Published May 18, 2021
Filipino artist Jay Ticar’s art practice can be described, first of all, as multifaceted. It's one that has seen him engage in a range of disciplines, from painting and installation to art education and research, but all pursued in natural connection to one another.
Ticar, however, has been known by many for his wonderful paintings. This owes perhaps not only to his skill but to a self-awareness fine-tuned by a career as an academic. His process has been described as one where imagery is formed or articulated based on his dealings with, or perhaps even questioning of, conceptual constructs. These dealings include delving into what a painting and abstraction is or could be, apart from the more definite subjects he is known to tackle in his paintings. Among them is the use of house and home as conceptual material.
Ticar’s paintings have emerged from “a tendency to seek possibilities,” one akin to abstraction. He frees representational elements from sources as varied as 1950’s sci-fiction cinema, film noir, personal photographs, 3D imaging, and the structures and facades of houses to portray what he calls “expressive gestures, decoration, or symbols.” Under Ticar’s control, these elements are worked over or pushed to become pieces of arcane fragmented surfaces and illusionistic topsy turvy spaces that when deciphered reveal origins and stories of hope, love, marriage, family, migration, child rearing, and home building.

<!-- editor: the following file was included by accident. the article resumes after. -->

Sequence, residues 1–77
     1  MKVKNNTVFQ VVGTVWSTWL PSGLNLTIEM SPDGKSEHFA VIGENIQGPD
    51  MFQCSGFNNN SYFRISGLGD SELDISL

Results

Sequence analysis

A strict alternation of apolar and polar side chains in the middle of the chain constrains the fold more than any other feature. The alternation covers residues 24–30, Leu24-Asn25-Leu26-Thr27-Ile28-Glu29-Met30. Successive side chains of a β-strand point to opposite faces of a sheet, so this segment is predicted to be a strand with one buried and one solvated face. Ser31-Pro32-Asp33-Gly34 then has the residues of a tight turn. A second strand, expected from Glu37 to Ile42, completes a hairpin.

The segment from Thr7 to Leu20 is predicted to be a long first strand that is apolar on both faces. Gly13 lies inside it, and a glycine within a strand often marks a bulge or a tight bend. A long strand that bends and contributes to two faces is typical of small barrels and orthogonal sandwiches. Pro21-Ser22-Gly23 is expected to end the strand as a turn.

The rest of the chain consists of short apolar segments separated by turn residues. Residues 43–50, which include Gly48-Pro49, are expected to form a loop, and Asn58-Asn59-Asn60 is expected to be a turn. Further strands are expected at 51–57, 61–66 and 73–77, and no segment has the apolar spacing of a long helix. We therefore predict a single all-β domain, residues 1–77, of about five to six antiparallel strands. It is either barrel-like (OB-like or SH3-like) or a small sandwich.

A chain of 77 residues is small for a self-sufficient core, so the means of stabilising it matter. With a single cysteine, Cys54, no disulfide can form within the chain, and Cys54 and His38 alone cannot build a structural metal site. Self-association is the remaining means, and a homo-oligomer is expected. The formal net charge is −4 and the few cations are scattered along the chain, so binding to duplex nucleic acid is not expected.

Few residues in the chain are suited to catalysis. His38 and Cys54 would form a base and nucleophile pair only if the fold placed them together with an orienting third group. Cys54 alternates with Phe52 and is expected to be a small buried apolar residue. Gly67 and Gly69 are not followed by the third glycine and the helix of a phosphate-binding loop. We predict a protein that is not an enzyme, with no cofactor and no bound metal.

In recent years, his visual artistic practice has been fueled by research into the realm of sound art. For instance, “Sounds like Home” was an exhibition at Duemila gallery in 2018 with the artist Amy Aragon Ticar. Centered on abstraction, this series of paintings and architectural maquettes were the outcome of an evolution of their ongoing engagement with the ideas and images of home, but this time the sound aspect of home and the idea of building materials as acoustic accommodations.
Jay Ticar is a Filipino contemporary artist who has had several solo exhibitions here and abroad, represented over the years and at different times by globally recognized galleries such as OTA Fine Arts, Richard Koh Fine Arts, and Valentine Willy Fine Arts. He is also a recipient of the Monbukagakusho Scholarship, Asian Public Intellectual Fellowship research grant, and Asian Centre Fellowship. As a lecturer, has given several talks on sound art and the artist as a worker in a number of recognized institutions that support the arts.